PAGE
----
The IEA’s recommended savings of 2.7 million barrels per day could help to mitigate the possibility of a supply shortage as a result of Russia’s war in Ukraine.
According to the IEA, lowering highway speed restrictions by at least 10 kilometers per hour saves roughly 290,000 barrels of oil per day from automobiles and 140,000 barrels per day from trucks.
Working from home for up to three days a week, if possible, can save 170,000 barrels of oil per day and 500,000 barrels per week.
If implemented every Sunday, car-free Sundays in cities can reduce oil demand by 380,000 barrels per day. The use of less expensive public transportation, as well as walking and cycling, might reduce oil use by 330,000 barrels per day.
Altering private car access to city roadways might cut oil demand by 210,000 barrels per day, while boosting car-sharing could cut demand by 470,000 barrels. 320,000 barrels could be saved if freight vehicles were driven more efficiently, and 40,000 barrels could be saved if high-speed and night trains were used instead of flights.
If alternative options are available, oil use can be reduced by 260,000 barrels per day by avoiding corporate air travel and 100,000 barrels by promoting the adoption of electric and more fuel-efficient automobiles.
‘These steps would lower the price pain felt by consumers around the world, lessen the economic damage, shrink Russia’s hydrocarbon revenues, and assist shift oil demand to a more sustainable path,’ according to the IEA.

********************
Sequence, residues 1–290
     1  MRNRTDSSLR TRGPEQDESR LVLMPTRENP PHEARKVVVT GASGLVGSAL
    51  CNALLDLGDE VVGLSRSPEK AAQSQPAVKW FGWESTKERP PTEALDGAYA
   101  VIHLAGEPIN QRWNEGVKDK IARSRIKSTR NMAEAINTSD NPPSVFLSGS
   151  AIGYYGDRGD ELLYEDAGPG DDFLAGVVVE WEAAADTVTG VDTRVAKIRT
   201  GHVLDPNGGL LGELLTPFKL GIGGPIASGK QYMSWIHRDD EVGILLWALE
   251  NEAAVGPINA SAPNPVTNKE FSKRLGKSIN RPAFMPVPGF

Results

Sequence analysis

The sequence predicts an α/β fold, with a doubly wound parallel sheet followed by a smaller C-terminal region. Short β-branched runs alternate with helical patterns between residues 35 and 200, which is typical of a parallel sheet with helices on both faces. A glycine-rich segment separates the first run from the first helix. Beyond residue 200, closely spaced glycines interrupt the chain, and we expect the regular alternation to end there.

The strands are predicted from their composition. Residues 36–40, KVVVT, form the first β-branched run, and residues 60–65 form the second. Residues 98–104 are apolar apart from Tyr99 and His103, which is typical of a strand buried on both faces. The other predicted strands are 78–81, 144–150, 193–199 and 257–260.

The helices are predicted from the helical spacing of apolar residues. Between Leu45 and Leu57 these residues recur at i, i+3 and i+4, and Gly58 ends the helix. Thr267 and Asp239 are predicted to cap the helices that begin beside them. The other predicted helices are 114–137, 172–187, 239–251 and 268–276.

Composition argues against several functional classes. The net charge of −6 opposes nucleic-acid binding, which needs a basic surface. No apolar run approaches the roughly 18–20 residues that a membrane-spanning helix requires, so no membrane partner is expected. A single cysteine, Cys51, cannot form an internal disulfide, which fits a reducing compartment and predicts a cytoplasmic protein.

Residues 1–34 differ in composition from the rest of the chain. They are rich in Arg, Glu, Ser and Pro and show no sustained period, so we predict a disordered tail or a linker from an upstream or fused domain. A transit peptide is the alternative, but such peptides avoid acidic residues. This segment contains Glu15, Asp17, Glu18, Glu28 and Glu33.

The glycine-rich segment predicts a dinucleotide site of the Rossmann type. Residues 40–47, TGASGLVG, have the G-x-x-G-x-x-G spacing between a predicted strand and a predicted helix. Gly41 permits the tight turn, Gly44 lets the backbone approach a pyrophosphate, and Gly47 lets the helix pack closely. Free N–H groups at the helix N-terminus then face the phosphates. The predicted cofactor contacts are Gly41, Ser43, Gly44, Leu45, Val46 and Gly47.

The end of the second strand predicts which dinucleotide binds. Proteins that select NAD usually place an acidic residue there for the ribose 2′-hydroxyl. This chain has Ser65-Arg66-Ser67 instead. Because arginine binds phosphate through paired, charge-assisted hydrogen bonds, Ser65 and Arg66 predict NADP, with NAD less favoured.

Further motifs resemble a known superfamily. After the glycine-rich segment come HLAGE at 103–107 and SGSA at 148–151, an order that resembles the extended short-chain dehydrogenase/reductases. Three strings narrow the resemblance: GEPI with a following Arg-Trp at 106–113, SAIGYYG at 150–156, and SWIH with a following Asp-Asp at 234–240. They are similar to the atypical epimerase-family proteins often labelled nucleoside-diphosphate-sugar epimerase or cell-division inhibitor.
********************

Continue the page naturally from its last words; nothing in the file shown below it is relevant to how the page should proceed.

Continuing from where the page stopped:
-Measures that have been tried and demonstrated
Decreasing oil consumption is important in terms of reducing possible pressures at a time when a substantial volume of Russian supplies may not be able to reach the market in time to meet the approaching high demand season of July and August.
According to the IEA’s latest Oil Market Report, which was released on March 16, Russia’s oil exports might be shut down for 2.5 million barrels per day starting in April, with losses potentially increasing if restrictions or public outrage rise. The International Energy Agency (IEA) had predicted that markets would see protracted instability.
‘As a result of Russia’s heinous action against Ukraine, the world may be facing its biggest oil supply shock in decades, with major ramifications for our economies and societies,’ said Fatih Birol, the IEA’s Executive Director.
‘IEA Member Countries have already stepped in to support the global economy with an initial release of millions of barrels of emergency oil stocks, but we can also take action on demand to avoid the risk of a crippling oil shortage,’ he said, noting that the 10-Point Plan is not “out of the blue,” but rather demonstrates that it can be done through measures that have already been tested and proven in multiple countries.
According to the IEA, advanced economies account for about half of global oil demand, and many of them, including the world’s major energy consumers, are required to have oil demand limitation plans ready as part of their emergency response procedures as members of the organization.
Many of the plan’s recommended initiatives will necessitate adjustments.
Several of the actions can be implemented directly by other levels of government, such as state, regional, or local governments, or voluntarily by residents and businesses, allowing them to save money while demonstrating solidarity with Ukraine’s people.
Because of the need of ongoing reductions, not just to improve countries’ energy security, but also to combat climate change and reduce air pollution, the IEA stated that lowering oil use should not be a transitory strategy.